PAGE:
In many sub-Saharan
African countries, access to higher education for girls has been historically
been limited. This inequality in education is still common in rural societies,
where girls are strongly influenced by a patriarchal tradition that grooms them
only for marriage. But times are changing and many African
have passed legislation giving girls the same access to education as boys. And
the first step is to give them a good secondary education.
In Rwanda, there have been efforts to encourage
that trend, with the government launching its own initiatives and supporting
some private ones to create all-girls schools. The effort has been boosted by a
partnership with a group of Americans. Sister Ann Fox of the US city of Boston
met with a female lawmaker from Rwanda, Alosia Inyumba, and together they
created what came to known as the Maranyundo Initiative.
Fox says the goal of the project is to provide community-based education for
young girls. Working with women from Sister Ann’s parish, they built a boarding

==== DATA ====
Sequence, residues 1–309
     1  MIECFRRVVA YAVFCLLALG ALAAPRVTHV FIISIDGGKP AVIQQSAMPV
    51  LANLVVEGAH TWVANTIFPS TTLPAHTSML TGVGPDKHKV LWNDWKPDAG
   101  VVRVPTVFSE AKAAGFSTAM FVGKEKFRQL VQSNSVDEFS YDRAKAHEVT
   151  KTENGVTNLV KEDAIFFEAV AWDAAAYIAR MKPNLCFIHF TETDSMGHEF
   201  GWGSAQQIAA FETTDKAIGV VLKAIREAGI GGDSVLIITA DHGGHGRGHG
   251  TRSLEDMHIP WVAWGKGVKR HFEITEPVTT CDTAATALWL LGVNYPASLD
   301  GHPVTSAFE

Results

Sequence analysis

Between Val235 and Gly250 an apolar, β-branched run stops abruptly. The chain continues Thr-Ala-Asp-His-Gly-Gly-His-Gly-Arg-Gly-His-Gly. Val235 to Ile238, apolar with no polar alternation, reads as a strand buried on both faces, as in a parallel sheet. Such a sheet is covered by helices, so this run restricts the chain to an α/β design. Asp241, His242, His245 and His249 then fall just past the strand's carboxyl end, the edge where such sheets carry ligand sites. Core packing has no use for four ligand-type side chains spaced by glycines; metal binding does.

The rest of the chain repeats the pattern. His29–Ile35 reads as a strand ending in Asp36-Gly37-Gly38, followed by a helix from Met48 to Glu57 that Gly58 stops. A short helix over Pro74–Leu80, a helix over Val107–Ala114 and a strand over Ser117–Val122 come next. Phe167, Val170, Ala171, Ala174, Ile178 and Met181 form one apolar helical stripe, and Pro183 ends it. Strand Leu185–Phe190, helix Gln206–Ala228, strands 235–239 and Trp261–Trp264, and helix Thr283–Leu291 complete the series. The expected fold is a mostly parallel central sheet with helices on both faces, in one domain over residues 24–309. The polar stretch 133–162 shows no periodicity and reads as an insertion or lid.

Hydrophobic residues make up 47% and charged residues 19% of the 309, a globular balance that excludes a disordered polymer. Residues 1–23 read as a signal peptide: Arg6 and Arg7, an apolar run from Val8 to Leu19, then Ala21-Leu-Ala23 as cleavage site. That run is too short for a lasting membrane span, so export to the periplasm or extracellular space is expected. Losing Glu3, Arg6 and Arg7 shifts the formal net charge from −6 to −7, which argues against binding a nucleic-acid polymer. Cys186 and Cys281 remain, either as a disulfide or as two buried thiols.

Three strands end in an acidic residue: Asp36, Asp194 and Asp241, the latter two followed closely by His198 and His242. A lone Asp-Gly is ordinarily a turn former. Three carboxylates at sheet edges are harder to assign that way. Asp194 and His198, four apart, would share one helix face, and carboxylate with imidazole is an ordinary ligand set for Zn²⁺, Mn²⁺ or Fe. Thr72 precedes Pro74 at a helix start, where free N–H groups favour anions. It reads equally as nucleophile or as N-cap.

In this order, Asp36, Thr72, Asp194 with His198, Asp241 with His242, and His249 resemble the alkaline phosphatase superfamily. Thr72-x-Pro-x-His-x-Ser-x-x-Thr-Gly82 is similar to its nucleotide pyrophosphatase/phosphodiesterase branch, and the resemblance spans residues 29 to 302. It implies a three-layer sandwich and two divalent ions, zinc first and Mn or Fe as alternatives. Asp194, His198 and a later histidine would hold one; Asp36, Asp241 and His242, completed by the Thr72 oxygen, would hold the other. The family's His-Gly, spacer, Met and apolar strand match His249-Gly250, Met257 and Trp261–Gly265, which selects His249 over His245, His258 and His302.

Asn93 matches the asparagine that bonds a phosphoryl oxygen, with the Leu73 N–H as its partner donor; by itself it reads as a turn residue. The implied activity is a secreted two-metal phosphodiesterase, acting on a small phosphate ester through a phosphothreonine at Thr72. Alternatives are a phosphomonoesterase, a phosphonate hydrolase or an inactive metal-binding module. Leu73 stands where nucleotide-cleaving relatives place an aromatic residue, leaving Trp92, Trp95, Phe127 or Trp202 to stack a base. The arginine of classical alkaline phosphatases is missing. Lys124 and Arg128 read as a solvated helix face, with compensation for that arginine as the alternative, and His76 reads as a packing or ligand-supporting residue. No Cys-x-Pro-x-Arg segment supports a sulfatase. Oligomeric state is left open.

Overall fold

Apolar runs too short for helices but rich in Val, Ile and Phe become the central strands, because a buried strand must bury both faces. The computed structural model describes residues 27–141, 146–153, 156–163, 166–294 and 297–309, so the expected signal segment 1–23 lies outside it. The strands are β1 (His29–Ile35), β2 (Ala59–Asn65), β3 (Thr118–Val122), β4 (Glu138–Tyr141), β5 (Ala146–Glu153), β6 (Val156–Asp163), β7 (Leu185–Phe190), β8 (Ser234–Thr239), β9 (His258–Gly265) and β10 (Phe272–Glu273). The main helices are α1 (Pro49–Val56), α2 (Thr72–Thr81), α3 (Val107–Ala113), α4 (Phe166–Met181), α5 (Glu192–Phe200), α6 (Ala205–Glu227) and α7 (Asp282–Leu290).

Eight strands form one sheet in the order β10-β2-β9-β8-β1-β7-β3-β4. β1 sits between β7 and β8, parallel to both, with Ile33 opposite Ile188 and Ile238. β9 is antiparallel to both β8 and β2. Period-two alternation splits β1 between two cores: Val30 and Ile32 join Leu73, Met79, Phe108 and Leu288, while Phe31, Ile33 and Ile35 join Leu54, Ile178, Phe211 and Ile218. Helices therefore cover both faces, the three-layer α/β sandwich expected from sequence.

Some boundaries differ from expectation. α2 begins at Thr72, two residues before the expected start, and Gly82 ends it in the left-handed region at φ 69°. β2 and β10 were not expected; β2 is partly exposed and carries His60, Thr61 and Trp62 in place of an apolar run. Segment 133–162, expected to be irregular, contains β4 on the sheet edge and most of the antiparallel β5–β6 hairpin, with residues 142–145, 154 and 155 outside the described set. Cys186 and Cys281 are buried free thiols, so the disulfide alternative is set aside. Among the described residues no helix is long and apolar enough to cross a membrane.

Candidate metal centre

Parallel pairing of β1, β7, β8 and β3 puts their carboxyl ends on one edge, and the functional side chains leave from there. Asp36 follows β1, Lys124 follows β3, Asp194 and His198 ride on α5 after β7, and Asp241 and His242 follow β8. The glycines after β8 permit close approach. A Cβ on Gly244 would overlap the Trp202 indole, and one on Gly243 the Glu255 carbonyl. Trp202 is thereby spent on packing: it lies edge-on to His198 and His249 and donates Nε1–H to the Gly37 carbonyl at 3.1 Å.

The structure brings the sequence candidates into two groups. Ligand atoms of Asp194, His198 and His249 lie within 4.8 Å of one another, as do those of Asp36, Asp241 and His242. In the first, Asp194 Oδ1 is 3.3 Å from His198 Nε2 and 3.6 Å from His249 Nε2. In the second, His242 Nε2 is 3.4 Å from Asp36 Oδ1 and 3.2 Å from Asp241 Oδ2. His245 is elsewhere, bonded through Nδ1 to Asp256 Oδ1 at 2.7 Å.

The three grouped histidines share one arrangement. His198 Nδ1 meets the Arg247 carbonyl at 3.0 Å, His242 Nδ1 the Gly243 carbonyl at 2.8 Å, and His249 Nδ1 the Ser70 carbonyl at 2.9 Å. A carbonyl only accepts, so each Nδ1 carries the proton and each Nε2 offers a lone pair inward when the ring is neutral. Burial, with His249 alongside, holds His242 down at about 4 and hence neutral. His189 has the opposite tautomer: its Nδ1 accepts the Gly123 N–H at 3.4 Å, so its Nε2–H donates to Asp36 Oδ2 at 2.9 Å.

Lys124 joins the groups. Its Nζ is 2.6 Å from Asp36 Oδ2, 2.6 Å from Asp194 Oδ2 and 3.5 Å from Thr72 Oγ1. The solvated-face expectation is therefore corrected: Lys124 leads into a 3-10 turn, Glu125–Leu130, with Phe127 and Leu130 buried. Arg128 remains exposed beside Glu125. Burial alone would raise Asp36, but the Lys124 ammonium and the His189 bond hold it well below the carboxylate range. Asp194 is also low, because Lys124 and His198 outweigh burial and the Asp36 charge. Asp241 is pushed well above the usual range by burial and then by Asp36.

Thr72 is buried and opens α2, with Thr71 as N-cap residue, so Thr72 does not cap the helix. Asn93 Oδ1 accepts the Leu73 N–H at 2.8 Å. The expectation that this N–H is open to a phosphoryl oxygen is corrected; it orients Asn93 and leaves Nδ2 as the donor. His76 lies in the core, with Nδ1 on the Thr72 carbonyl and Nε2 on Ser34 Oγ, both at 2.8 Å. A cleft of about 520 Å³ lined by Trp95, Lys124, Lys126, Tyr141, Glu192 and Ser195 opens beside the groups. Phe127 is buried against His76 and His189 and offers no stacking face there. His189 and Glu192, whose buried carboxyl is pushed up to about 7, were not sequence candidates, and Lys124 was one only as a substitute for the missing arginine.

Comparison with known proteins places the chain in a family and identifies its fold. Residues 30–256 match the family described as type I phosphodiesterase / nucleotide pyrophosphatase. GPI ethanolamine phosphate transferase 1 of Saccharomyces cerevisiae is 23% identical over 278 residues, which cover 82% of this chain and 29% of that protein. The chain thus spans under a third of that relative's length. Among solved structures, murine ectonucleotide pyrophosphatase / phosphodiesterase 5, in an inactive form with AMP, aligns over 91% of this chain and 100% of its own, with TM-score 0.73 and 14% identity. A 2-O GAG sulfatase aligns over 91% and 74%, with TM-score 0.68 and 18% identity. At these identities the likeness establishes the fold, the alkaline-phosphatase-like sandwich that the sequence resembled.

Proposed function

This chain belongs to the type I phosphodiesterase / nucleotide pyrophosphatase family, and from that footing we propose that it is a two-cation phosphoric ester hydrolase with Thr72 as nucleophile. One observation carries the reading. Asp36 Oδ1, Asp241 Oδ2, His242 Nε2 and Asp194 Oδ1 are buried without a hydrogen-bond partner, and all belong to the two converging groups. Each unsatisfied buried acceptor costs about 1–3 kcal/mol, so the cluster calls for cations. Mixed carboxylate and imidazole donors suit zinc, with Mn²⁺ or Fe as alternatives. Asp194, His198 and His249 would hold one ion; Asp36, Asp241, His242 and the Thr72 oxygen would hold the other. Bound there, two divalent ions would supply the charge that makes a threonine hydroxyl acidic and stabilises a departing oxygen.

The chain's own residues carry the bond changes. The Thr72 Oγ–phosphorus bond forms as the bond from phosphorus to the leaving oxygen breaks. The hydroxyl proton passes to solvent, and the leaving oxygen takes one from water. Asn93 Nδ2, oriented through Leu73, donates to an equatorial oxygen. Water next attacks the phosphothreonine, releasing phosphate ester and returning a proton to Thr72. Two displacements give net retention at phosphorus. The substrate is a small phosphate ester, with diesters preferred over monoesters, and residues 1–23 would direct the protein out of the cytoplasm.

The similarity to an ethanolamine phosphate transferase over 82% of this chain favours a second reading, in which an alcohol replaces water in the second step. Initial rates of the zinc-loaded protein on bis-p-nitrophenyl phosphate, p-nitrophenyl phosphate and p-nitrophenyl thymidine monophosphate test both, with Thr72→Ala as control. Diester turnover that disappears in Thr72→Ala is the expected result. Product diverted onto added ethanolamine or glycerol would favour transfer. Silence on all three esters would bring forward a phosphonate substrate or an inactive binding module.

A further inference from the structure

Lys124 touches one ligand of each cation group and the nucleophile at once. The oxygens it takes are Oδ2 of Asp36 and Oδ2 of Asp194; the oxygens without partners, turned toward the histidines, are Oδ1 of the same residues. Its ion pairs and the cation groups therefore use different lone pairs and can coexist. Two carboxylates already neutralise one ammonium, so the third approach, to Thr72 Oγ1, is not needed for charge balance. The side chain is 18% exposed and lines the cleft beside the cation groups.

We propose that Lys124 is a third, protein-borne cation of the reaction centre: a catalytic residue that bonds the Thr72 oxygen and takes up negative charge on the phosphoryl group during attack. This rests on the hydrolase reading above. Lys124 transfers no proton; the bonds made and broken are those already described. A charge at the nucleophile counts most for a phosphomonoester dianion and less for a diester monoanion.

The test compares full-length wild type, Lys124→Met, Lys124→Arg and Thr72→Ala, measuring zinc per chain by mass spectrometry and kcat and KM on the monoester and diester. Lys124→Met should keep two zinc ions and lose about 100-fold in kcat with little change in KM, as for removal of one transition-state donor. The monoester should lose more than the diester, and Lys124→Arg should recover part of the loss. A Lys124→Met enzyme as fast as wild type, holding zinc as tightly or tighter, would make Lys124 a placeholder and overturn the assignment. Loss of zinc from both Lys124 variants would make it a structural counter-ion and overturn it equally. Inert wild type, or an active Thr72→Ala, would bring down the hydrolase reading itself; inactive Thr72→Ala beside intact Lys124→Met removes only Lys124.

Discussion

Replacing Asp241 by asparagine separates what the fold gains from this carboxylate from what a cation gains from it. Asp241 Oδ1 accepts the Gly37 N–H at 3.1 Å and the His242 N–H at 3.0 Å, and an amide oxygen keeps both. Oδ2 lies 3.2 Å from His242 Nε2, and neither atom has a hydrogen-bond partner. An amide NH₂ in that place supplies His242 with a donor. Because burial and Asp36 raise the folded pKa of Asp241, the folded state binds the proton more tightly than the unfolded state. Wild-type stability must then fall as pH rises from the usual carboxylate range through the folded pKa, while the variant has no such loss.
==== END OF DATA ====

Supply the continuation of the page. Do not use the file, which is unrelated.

school in the rural Rwandan province of Bugesera. Sister Ann says the
initiative “represents an international partnership of educators, government
leaders, and dedicated visionaries aimed at helping Rwandan girls forge a
bright future for their people.”
The school opened earlier this year
with an enrollment of 60 students. Sister Fox says the target is to enroll
almost 200 students within three years. “The parents have been very receptive,”
she says. The school will be administered by local teachers and a group of
Catholic nuns based in area. Students will be admitted according to financial
need and their scores in national exams.
Sister Ann says even though some
students come from the city, the emphasis is on rural students from all over
the country. “The girls were very receptive and pleased that they are now able
to get a good education,” says Sister Fox.